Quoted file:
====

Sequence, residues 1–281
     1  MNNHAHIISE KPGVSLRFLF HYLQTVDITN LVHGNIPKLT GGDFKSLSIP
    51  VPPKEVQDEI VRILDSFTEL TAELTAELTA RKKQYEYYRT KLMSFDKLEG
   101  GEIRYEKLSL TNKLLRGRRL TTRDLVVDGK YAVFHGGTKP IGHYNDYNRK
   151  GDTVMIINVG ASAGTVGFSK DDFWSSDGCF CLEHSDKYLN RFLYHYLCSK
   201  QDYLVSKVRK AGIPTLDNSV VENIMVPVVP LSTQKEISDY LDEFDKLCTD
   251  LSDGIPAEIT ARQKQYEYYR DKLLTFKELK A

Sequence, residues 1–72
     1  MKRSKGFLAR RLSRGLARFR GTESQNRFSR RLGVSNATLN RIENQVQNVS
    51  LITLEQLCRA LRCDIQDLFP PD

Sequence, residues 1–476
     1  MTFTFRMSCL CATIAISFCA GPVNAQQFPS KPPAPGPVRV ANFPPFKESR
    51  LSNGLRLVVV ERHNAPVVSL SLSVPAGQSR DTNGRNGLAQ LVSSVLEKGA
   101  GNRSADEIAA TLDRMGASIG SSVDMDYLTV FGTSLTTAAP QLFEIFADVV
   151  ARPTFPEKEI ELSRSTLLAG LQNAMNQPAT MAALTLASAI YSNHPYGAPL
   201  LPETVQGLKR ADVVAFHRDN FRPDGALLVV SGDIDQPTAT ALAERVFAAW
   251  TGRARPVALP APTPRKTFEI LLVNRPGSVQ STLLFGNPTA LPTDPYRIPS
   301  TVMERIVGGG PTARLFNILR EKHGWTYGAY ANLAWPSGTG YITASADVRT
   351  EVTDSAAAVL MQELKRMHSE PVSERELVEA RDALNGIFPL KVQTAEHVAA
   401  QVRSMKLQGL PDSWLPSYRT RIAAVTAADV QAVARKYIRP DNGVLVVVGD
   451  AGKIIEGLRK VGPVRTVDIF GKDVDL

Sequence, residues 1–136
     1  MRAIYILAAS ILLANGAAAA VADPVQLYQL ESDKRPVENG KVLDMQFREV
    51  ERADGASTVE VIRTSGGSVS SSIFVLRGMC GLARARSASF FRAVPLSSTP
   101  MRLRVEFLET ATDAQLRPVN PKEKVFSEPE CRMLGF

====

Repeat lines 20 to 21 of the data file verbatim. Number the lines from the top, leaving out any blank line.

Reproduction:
   401  QVRSMKLQGL PDSWLPSYRT RIAAVTAADV QAVARKYIRP DNGVLVVVGD
   451  AGKIIEGLRK VGPVRTVDIF GKDVDL